On the other hand, this setup makes transactions more complex, requiring Google to shoulder part of the burden in securing those card numbers stored on its servers. It might even be costing Google a bit of money. UniBul Credit Card Blog noted that Google's Virtual Wallet system involves two issuers—the customer's preferred card issuer and the virtual card issuer (Bancorp Bank). Recall that when a payment is made, the card issuer collects an Interchange Fee that's usually around two percent. But with a "real" card and a virtual card involved in the interaction, interchange fees will be charged for both issuers. “From the merchant’s stand point, the transaction is completed using the virtual card,” UniBul writes. “After all, that is the only card the merchant sees. So the interchange will be paid by the merchant, through its acquirer, and collected by the virtual card’s issuer—The Bancorp Bank, Google Wallet’s partnering bank. However, right after this transaction is completed, Google will transfer the sales amount from the card that was actually selected by the user to the virtual card. And now the issuer of the ultimate payment source will also have to collect its interchange fee. This time Google will have to pay for it, and it doesn’t seem like the search giant can offload the interchange to anyone else.”
When the movement to virtual cards occurred in 2012, American Banker wrote that “some analysts believe that, while Google's intentions are unknown, it's unlikely that they'd want to start collecting interchange [from merchants that support Google Wallet]—at least until the search engine company first [starts] to profit from advertising revenue associated with a person's use of Wallet.” It's unclear whether Google has turned a profit from Wallet, but it does seem apparent that Google's goal in its mobile payments endeavor is the same as with the rest of its free services—to collect as much data as possible from its customers.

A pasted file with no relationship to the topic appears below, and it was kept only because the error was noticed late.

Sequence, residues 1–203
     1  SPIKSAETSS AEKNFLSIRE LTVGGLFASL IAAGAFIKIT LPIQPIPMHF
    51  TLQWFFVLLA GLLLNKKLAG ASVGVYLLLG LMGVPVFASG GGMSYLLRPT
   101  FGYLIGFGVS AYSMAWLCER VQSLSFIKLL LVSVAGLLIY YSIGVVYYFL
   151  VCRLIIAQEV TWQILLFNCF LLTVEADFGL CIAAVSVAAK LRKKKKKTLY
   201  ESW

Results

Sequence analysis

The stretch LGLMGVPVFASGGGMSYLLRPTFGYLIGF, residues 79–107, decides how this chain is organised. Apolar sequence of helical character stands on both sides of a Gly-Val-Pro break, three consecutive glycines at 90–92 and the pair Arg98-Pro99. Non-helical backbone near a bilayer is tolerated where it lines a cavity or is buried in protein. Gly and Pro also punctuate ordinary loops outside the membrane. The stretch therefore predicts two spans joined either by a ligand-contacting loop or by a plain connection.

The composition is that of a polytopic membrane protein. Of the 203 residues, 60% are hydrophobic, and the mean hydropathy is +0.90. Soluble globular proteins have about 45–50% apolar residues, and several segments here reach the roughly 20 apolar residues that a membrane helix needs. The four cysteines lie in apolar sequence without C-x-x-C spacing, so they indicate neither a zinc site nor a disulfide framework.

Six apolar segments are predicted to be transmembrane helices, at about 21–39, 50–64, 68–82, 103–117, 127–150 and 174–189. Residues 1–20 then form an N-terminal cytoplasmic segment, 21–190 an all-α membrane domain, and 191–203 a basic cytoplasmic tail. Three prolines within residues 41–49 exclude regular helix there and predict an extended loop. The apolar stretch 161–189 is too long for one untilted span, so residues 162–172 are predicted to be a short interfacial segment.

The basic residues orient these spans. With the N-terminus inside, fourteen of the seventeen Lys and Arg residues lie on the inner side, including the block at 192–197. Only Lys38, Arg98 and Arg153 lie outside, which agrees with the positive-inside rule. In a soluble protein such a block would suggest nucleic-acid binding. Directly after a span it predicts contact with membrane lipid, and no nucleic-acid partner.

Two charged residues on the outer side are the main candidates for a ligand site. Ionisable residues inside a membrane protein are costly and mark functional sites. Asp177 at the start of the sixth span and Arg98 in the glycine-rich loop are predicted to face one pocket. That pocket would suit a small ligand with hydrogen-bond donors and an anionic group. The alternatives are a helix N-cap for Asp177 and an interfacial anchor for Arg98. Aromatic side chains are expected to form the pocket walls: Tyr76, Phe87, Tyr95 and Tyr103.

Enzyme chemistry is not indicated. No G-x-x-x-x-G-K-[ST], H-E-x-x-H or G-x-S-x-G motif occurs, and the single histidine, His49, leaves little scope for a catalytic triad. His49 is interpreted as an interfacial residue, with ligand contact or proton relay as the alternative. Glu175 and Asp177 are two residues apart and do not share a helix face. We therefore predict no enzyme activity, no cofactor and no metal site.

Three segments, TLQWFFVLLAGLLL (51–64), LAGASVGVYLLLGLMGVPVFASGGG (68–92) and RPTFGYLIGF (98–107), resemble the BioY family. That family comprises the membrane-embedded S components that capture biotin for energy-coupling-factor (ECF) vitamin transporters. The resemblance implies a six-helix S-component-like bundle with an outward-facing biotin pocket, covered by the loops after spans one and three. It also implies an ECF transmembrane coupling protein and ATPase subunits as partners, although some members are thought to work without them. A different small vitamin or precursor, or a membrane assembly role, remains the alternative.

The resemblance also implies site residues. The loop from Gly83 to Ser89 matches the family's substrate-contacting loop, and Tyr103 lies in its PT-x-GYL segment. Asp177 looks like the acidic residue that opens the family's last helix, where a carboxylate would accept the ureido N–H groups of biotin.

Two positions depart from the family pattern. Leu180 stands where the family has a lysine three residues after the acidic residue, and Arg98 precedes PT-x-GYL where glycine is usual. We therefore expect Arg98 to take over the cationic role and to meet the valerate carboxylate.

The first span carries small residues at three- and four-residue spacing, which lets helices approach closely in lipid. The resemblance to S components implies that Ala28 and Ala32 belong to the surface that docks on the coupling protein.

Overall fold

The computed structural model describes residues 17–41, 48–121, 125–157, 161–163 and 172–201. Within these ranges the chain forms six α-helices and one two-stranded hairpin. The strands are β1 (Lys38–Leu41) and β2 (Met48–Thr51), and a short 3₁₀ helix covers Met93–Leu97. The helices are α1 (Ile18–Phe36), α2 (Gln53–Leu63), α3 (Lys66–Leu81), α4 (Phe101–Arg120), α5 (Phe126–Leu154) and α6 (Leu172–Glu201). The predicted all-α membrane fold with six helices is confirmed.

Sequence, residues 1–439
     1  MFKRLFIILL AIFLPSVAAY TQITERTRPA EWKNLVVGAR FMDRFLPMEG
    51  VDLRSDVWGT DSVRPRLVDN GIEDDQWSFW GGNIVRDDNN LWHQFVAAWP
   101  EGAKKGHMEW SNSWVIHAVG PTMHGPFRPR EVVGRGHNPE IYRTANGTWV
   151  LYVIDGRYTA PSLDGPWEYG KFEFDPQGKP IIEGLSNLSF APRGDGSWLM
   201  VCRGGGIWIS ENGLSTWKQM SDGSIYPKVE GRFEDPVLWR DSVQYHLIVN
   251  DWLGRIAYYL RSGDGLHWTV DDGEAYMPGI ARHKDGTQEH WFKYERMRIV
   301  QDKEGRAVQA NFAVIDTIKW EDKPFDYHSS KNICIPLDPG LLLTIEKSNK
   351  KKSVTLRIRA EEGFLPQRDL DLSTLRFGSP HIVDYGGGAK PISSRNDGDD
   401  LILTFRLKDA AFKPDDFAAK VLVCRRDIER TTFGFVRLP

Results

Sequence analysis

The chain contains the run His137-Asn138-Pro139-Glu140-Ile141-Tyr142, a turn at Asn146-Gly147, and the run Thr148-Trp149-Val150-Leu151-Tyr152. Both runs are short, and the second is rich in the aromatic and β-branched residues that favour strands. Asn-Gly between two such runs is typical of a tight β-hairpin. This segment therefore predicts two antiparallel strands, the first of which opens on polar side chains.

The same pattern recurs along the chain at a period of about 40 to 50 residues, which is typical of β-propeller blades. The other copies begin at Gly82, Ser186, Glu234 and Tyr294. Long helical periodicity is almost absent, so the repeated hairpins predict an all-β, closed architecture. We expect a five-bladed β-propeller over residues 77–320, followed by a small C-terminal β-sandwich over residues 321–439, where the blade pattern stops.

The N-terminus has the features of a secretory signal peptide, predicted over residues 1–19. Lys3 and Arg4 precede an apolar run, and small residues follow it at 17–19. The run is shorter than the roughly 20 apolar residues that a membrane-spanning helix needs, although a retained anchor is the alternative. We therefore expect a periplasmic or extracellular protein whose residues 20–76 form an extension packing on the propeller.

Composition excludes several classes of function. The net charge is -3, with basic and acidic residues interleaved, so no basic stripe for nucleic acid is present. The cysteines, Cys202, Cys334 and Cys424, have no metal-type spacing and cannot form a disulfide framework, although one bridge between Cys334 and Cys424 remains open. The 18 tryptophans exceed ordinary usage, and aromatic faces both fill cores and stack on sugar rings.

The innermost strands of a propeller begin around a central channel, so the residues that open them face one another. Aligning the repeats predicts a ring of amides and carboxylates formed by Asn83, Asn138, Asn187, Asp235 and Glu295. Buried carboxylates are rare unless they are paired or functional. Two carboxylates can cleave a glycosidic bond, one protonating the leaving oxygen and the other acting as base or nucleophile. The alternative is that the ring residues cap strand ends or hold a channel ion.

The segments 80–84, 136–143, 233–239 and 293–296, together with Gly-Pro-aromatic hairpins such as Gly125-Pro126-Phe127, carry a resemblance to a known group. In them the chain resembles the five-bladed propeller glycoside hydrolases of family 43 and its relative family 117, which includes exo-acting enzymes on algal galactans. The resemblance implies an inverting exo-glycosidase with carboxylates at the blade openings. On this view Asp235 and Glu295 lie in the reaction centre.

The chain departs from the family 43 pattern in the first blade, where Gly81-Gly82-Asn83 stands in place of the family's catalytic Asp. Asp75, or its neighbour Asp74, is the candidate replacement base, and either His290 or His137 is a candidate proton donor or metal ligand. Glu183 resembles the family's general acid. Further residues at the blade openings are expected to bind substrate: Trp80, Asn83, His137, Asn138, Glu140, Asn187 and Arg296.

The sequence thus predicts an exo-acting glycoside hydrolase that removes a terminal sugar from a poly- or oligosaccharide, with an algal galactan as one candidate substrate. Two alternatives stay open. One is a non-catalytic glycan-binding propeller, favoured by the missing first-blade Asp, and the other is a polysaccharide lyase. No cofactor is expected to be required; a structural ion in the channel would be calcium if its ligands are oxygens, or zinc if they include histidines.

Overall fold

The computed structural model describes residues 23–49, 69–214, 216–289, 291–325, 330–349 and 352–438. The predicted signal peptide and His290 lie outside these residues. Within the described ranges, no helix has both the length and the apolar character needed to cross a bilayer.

Apple gets buddy buddy with banks
Although much of Apple's integration into the card payment system is obfuscated by secret deals the company has with the various players, three different sources told Bloomberg recently that Apple would actually be collecting a percentage of every transaction made on Apple Pay from certain issuing banks.
In other words, Apple was reportedly able to convince JPMorgan Chase & Co., Bank of America Corp., Citigroup Inc., and others that it deserves a cut of each purchase made on the iPhone 6 or 6 Plus, because customers will spend more using the phone than they would with a regular credit card. According to Bloomberg, “Under deals reached with banks individually, Cupertino, California-based Apple will collect a fee for each transaction, said one of the people, who requested anonymity because terms aren’t public."
Apple also may have been able to convince the banks that its platform could reduce fraud and thus reduce the associated costs to the issuing bank (allowing the bank to keep more of that Interchange Fee).
Like with Google Wallet, making a contactless payment using Apple's phone requires the user to verify the payment on the phone before it can go through. Whereas Google Wallet uses a four-digit PIN, Apple Pay requires the customer to verify using TouchID, which reads the user's fingerprint.
On top of that, Apple has introduced tokenization into its payment system. Like Google Wallet's Virtual Card, this obfuscates the user's actual credit card number, but it does so using a security standard developed by various standards groups and big-name card networks like Visa. It all happens without having to go through another bank as an intermediary supplier of a virtual card. While many card networks and banks have experimented with ways to implement tokenization security, Apple's method goes to lengths to keep a user's card data out of Apple's hands and off its servers, except during setup.
You can snap a photo of your credit card to avoid having to key-in all 16 digits. The photo is not stored on your phone.